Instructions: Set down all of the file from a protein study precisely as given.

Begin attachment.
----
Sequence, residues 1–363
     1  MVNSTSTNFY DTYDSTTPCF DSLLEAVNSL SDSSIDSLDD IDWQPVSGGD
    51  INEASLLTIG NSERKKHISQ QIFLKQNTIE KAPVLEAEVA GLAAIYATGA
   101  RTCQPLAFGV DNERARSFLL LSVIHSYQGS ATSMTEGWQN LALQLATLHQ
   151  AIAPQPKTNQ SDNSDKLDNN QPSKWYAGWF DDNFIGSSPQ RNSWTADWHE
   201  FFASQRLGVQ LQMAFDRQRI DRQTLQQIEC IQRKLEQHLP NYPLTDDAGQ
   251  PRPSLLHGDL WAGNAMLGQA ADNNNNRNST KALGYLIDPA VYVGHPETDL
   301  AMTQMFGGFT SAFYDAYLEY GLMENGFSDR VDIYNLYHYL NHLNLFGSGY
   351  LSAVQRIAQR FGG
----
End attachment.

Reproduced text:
Sequence, residues 1–363
     1  MVNSTSTNFY DTYDSTTPCF DSLLEAVNSL SDSSIDSLDD IDWQPVSGGD
    51  INEASLLTIG NSERKKHISQ QIFLKQNTIE KAPVLEAEVA GLAAIYATGA
   101  RTCQPLAFGV DNERARSFLL LSVIHSYQGS ATSMTEGWQN LALQLATLHQ
   151  AIAPQPKTNQ SDNSDKLDNN QPSKWYAGWF DDNFIGSSPQ RNSWTADWHE
   201  FFASQRLGVQ LQMAFDRQRI DRQTLQQIEC IQRKLEQHLP NYPLTDDAGQ
   251  PRPSLLHGDL WAGNAMLGQA ADNNNNRNST KALGYLIDPA VYVGHPETDL
   301  AMTQMFGGFT SAFYDAYLEY GLMENGFSDR VDIYNLYHYL NHLNLFGSGY
   351  LSAVQRIAQR FGG